Feb. 20 (Bloomberg) -- Baidu Inc. dropped the most in two months, leading a decline in U.S.-traded Chinese stocks, on concern the nation’s largest online search engine will see a drop in advertising revenue as the economy slows.
Baidu slid 3.5 percent on Feb. 17, the biggest retreat since Dec. 21, after forecasting a slowdown in first-quarter sales. Sina Corp., provider of a Twitter-like service in China, and social network website owner Renren Inc. also slipped, eroding the Bloomberg China-US 55 Index’s 3.6 percent advance this week.
Presiding over a search engine with about 311,000 advertisers, Baidu expects sales to rise 75 percent this quarter from a year earlier, after 82 percent growth in the last three months of 2011, according to a Feb. 16 statement. Economic growth in China eased last quarter to the least since 2009 as Europe’s debt crisis and a sluggish U.S. recovery curbed demand for goods from the world’s largest exporter.
“Even though Baidu has had impressive historical growth rates, it will be challenging for Baidu to continue to grow at the same high pace relying on their current strategy,” said Kevin Pollack, a fund manager at Paragon Capital LP in New York on Feb. 17. “There is pervasive fear of an ad slowdown, especially if China experiences lower growth, which could significantly reduce business from Baidu’s primary customers.”
The Bloomberg China-US 55, an index of the most-traded Chinese stocks in the U.S., dropped 0.2 percent to 108.85 on Feb. 17 in New York, while preserving its biggest five-day advance in 11 weeks. The iShares FTSE China 25 Index Fund, the biggest Chinese exchange-traded fund in the U.S., slipped 0.1 percent to $40.26, trimming its gain last week to 3.4 percent, the biggest weekly increase in four.
‘Not Keeping Up’
Beijing-based Baidu’s American depositary receipts closed at a one-week low of $136.90. Analysts at Susquehanna Financial Group and Bocom International Holdings Co. cut 12-month price targets for the stock on Feb. 17, after the company reported fourth-quarter results the previous day.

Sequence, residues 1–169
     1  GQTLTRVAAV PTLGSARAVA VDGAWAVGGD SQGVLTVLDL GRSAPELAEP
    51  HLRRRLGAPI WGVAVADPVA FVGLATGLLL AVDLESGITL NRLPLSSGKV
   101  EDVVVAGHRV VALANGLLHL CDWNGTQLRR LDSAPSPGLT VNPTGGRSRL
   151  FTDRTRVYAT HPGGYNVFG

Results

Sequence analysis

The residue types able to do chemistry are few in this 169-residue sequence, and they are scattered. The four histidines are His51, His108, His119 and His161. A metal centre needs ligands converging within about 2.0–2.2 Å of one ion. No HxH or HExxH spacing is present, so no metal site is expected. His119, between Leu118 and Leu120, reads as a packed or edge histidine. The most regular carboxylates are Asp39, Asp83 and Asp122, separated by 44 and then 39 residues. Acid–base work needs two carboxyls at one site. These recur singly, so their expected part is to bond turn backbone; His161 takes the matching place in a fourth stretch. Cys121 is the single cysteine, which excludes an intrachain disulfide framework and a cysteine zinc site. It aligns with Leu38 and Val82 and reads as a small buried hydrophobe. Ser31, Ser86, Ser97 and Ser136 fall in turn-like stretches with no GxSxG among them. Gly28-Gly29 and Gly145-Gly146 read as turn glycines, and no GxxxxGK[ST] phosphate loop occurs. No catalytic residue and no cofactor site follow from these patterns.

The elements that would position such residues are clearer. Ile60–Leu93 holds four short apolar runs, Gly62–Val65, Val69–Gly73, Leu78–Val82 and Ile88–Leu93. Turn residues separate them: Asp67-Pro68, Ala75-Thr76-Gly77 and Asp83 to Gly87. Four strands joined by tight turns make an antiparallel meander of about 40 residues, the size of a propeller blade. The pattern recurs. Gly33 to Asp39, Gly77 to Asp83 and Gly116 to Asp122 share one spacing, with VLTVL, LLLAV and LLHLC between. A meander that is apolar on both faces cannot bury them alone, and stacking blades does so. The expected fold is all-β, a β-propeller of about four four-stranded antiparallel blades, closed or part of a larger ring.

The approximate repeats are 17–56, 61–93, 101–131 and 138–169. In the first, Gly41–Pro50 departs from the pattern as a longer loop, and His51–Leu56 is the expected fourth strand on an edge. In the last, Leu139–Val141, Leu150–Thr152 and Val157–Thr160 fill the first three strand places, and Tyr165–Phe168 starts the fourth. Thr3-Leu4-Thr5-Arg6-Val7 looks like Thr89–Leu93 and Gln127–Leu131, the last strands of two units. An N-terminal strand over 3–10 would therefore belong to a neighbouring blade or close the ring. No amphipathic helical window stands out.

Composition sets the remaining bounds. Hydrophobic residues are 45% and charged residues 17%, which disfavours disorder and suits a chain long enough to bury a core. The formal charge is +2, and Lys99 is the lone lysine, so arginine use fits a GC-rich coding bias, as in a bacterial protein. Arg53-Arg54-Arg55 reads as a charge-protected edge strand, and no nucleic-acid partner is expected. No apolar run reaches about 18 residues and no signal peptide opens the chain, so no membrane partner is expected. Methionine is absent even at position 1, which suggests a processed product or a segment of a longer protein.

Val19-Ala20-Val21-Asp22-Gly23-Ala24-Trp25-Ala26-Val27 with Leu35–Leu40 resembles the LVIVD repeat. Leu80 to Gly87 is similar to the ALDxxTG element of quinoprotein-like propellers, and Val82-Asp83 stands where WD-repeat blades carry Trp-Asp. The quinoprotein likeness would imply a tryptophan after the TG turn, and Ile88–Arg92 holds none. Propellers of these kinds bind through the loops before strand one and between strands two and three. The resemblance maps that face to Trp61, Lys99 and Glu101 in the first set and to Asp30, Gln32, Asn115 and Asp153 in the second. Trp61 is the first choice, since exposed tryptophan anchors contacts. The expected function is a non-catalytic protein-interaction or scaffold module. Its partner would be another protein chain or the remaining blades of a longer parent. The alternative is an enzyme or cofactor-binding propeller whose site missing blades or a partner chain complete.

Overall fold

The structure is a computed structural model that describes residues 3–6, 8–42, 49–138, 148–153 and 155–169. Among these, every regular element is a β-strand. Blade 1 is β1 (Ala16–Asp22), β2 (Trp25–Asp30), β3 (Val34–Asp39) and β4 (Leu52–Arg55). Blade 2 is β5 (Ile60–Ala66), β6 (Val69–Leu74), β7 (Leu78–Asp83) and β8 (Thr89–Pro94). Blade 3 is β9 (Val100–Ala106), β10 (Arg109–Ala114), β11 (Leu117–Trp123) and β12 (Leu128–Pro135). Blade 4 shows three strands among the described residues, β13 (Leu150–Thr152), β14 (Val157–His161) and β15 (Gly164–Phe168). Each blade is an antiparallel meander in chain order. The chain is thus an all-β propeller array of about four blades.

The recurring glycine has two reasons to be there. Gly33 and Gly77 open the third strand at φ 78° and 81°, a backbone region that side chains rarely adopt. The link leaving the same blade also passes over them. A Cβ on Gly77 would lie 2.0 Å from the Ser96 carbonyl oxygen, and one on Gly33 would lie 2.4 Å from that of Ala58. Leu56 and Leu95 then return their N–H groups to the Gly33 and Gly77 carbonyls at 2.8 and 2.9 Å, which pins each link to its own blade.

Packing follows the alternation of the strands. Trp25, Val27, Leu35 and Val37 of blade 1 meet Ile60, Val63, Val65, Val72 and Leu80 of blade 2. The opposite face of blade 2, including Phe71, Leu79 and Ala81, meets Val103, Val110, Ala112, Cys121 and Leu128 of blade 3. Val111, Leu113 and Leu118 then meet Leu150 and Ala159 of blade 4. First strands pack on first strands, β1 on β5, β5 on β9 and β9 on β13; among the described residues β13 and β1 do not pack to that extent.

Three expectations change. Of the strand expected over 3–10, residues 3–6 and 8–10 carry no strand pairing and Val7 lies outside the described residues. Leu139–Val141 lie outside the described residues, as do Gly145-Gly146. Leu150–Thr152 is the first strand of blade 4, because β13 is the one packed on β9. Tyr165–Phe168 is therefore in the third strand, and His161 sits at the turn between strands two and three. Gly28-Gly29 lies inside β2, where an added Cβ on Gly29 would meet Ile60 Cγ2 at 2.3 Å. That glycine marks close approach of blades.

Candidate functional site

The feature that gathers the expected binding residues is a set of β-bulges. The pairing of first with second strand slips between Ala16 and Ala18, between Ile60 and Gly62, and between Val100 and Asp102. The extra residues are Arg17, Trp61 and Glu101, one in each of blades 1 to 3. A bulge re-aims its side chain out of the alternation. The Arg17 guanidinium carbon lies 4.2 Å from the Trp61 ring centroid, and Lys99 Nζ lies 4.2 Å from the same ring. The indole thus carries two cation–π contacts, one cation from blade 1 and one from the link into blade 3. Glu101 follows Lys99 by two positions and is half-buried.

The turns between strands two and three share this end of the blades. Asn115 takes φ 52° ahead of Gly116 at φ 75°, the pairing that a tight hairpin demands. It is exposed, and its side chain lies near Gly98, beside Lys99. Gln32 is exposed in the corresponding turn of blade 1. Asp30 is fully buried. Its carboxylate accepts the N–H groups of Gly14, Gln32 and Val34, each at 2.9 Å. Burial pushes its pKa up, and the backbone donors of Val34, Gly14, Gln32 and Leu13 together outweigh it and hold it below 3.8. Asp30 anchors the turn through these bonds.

The rate of growth for Baidu’s net income will slow to 52 percent this year from 88 percent in 2011, according to the average forecast of 19 analysts surveyed by Bloomberg.
Revenue growth “is not keeping up with the size of the organization,” said Tim Hartzell, chief investment officer at Houston-based Sequent Asset Management. “They should acquire or keep exploring what else they can market.”
Facebook Inc.’s initial public offering plans are going to pull capital from a lot of technology stocks, Hartzell said. Facebook filed for a share offer on Feb. 1, and people familiar with the matter have said the company is considering a sale that would value it at $75 billion to $100 billion.
Shanghai-based Sina slid 1.4 percent to $67.74 in New York, trimming a 4 percent weekly gain, while Renren, based in Beijing, slipped 1.5 percent to $5.43, up 4.4 percent last week. 21Vianet Group Inc., China’s largest independent data-center services provider, sank 4.6 percent to $10.91, extending its drop in the week to 8.9 percent.
The Standard & Poor’s 500 Index rose 0.2 percent to 1,361.23 on Feb. 17, approaching a three-year high of 1,363.61 set in April. The gauge added 1.4 percent last week. The Shanghai Composite Index was little changed on Feb. 17 at 2,357.18, completing the week with a 0.2 percent advance.
Suntech Power Holdings Co., the world’s largest solar-panel marker, climbed 8.3 percent to $3.65 on Feb. 17, the most in a week, after raising its forecast for fourth-quarter sales. The stock was down 9.4 percent in the week.
No ‘Hard Landing’
The company, based in China’s eastern Jiangsu province, said in a statement on Feb. 17 that shipments in the last three months of 2011 probably declined about 10 percent from the third quarter, compared with a previous estimate for a 20 percent drop.
China is encouraging more consumption and greater output by businesses, Vice President Xi Jinping said on a trade visit to Los Angeles on Feb. 17. “There will not be a so-called hard landing” for the country’s economy, he said.
Ctrip.com International Ltd., the biggest online travel agency in China, will report fourth-quarter figures today. Sales rose 24.6 percent for the quarter from a year ago to $148.6 million, according to the average estimate of nine analysts. That compares with a 26 percent increase in the third quarter. Net income dropped 8 percent from a year earlier to $42.1 million, the analysts predict.
Ctrip ADRs slipped 1 percent to $24.69, down 1 percent in the week.
To contact the reporter on this story: Belinda Cao in New York at firstname.lastname@example.org
To contact the editor responsible for this story: Emma O’Brien at email@example.com